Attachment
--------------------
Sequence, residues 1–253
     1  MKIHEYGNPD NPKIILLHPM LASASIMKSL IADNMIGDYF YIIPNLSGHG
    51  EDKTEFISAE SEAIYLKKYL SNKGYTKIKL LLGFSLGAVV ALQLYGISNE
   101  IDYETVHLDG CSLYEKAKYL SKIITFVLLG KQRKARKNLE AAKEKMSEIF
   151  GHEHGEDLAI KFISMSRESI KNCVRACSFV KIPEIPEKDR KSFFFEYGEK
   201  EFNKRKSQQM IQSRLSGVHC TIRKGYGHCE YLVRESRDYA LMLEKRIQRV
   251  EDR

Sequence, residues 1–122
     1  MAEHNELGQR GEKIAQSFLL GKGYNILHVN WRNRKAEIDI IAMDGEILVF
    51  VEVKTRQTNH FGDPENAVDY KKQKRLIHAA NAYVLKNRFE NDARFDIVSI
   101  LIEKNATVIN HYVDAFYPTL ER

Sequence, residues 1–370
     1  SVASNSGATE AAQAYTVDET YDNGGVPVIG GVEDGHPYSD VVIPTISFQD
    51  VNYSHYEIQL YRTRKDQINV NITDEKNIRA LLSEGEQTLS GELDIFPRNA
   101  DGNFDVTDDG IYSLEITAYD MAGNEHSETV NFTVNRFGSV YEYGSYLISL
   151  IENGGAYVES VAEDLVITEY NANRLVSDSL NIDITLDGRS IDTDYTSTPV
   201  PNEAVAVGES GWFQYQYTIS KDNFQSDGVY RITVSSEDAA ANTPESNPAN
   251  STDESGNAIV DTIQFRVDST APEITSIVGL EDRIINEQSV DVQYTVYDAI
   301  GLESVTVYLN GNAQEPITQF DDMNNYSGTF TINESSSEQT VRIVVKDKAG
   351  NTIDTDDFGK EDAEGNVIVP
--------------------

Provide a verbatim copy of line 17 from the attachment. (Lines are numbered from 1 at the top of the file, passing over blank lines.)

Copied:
   201  PNEAVAVGES GWFQYQYTIS KDNFQSDGVY RITVSSEDAA ANTPESNPAN